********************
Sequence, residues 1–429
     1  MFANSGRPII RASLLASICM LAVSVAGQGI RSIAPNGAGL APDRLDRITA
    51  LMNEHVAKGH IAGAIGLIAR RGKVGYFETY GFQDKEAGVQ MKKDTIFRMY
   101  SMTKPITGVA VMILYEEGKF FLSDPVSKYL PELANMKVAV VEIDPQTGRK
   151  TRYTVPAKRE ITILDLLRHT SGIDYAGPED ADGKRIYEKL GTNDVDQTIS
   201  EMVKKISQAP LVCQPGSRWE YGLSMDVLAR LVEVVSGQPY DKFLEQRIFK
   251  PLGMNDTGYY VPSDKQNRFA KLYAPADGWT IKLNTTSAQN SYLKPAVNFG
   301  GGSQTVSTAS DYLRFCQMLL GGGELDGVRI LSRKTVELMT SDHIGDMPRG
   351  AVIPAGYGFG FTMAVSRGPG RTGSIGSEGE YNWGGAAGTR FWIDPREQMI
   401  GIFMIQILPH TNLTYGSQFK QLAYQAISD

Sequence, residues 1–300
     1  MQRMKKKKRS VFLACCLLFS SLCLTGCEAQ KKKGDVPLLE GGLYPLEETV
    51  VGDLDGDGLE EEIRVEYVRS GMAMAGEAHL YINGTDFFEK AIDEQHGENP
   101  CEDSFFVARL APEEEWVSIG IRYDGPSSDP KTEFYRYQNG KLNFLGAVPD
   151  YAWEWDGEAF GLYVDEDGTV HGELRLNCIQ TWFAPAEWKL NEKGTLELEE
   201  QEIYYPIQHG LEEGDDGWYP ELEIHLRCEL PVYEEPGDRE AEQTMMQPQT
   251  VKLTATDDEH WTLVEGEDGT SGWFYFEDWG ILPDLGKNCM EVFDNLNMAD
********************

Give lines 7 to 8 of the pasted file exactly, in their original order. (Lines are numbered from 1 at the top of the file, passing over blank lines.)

   251  PLGMNDTGYY VPSDKQNRFA KLYAPADGWT IKLNTTSAQN SYLKPAVNFG
   301  GGSQTVSTAS DYLRFCQMLL GGGELDGVRI LSRKTVELMT SDHIGDMPRG